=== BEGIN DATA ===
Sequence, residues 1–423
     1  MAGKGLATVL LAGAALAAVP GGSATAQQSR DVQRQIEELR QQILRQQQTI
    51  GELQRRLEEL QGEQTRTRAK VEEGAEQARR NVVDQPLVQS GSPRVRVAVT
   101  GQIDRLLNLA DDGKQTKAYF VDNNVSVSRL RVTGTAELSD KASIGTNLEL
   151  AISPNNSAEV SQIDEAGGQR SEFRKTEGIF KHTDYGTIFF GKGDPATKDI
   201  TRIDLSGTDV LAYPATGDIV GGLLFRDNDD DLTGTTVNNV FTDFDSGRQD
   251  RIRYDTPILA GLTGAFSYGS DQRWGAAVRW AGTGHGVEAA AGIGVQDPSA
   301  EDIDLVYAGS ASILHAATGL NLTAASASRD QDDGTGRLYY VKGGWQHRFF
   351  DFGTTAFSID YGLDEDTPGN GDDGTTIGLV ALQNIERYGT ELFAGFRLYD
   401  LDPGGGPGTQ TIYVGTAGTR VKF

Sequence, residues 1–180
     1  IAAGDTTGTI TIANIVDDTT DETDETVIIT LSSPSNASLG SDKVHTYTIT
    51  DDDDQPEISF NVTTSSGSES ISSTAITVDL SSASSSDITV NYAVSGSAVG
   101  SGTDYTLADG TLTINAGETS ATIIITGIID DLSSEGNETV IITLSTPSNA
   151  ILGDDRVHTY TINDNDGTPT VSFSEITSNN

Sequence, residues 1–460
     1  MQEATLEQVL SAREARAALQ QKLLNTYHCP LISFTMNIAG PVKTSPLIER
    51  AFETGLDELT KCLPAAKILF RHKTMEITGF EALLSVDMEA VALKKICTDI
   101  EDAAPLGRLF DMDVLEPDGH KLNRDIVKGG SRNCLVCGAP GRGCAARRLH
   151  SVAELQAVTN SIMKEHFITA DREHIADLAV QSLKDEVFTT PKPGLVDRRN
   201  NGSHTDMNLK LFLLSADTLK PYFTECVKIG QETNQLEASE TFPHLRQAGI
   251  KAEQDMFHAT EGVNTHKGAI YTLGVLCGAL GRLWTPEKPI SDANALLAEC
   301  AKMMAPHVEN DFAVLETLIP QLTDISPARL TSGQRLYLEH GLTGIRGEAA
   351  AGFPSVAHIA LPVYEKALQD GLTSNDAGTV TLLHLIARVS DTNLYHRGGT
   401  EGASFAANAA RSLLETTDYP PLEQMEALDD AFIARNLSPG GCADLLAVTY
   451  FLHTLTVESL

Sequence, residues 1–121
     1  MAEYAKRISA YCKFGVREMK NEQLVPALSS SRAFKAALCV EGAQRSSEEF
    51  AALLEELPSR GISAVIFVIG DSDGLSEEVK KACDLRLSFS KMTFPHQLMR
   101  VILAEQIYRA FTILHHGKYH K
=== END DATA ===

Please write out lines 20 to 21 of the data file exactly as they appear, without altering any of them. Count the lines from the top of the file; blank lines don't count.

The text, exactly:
   151  SVAELQAVTN SIMKEHFITA DREHIADLAV QSLKDEVFTT PKPGLVDRRN
   201  NGSHTDMNLK LFLLSADTLK PYFTECVKIG QETNQLEASE TFPHLRQAGI